If the conversion has insufficient resolution, you need to use A/D hardware that produces more bits per sample.

Why not simply
return trunc(val / 1000);

I still suspect that you don't understand hysteresis and running average :frowning:

Because, when the value of potentiometer is for example 1560.00.. will return 1.5

I can't show 1.5 in the display. I need 01 and than 02...

I need check the range to show 1% (01), 2% (02), 3% (03)... I have only two digits.

trunc(/1000) of 1560.00 will return 1.5. Correct?

How will display 1 when read 1.5 in this case?

Thanks!

I can use trunc() and round() to return 1 when is 1.5 1.9 for example... But I always will have the problem to show 01 and 02 depending on the position of potentiometer

For example. Apply trunc and round in 1999 I can have the same problem...

I need a function to work like a encoder... Like this..

Do you want to truncate or round? Mathematically, there isn't much else you can do.

What output do you want to see for 1999 input?

"work like an encoder" means nothing, as there are so many different aspects to an encoder. Please supply example conversions that exhibit your problems, and also example conversions that are correct in your opinion.

If you want to show "01" instead of "1" then convert the binary value into text and check the length. If too short prefix a '0'.

For 1999 it can be 01... and > 2000 can be 02

But the big problem is how I can fix the variation of reading to get a good transition in the display without changing when the potentiometer is in the middle of two ranges?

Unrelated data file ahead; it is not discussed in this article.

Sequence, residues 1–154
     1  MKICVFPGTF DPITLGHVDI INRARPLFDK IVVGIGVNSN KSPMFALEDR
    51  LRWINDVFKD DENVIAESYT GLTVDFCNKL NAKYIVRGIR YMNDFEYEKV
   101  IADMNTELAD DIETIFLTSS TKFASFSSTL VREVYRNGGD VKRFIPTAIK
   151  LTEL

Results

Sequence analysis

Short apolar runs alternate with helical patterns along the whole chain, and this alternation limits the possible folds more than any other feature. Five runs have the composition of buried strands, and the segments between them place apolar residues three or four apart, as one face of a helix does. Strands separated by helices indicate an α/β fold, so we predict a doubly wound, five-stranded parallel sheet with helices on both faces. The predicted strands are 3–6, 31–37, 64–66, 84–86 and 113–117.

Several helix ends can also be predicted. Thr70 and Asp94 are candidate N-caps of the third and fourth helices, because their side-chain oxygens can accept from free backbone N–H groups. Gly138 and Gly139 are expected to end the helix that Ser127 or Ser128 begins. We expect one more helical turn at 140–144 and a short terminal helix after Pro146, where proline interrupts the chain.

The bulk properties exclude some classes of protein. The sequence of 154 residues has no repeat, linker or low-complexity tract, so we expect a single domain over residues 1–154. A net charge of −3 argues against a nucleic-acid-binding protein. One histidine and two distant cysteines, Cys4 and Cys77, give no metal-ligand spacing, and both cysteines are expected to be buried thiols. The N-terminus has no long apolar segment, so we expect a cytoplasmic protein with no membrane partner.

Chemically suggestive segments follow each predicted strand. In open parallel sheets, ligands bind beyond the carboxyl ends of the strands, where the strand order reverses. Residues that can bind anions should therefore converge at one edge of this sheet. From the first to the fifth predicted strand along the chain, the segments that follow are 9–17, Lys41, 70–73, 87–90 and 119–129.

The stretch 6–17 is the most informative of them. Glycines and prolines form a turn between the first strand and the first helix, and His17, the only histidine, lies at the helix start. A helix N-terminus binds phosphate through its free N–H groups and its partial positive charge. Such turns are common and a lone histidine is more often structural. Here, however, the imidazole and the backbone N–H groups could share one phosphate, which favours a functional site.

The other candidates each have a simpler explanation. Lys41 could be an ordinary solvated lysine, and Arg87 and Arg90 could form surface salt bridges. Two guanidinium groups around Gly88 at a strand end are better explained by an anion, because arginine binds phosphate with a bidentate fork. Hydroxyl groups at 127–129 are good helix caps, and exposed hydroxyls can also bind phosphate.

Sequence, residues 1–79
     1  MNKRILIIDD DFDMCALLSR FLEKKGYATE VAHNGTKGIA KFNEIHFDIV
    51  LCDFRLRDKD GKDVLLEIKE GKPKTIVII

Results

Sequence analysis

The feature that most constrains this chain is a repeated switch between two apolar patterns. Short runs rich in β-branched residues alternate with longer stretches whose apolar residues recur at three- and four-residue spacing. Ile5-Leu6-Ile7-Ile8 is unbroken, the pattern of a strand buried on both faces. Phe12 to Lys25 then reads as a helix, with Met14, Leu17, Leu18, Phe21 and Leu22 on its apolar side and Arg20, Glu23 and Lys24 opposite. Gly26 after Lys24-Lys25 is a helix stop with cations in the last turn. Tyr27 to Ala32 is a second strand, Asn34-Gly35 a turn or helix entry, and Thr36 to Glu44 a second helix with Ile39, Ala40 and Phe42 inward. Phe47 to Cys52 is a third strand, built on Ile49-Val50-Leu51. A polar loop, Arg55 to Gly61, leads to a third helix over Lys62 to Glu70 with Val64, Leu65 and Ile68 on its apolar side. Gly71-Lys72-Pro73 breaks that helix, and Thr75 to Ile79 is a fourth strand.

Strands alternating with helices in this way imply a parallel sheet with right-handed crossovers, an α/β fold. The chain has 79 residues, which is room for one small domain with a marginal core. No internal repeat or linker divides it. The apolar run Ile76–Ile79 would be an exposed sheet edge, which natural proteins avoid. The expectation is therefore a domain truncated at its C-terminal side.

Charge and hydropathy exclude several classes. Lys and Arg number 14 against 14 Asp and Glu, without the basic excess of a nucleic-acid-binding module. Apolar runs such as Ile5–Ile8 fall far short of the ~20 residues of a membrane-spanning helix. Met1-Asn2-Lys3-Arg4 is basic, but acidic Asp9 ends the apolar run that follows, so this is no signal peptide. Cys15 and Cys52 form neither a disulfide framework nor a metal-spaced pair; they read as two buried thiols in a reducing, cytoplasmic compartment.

This is my main point!

We already anwered that! You can use hysteresis, low pass filtering (averaging), or both.

...that you can not read or understand the suggested solutions :frowning:

Ok! I understand all the suggestion, mister.

I will try and back with results.

Here is a sample low pass filter:

unsigned int smooth(unsigned int newVal) {
  static unsigned int oldVal = 0;
  unsigned long sum;
    //  optimize sum = (oldVal * 3 + newVal) / 4;
    sum = ( (oldVal << 1) + oldVal + newVal) >> 2;
  }
  oldVal = sum;
  return oldVal;
}
...
  // example use
  smoothedValue = smooth( analogRead(A0) );

...

Thanks! I will try!

Just to note that there is no way you can get those readings with your setup.

Yes that means you can only get numbers between 0 and 1023, which is why you can never get the numbers 1999 and 2000. Even if you multiply your reading, you get holes left behind, that is numbers a that are impossible to get.

OK on the log pot, you do not need an antilog pot. However even with a log pot your display will still be linear, and that is all the user sees.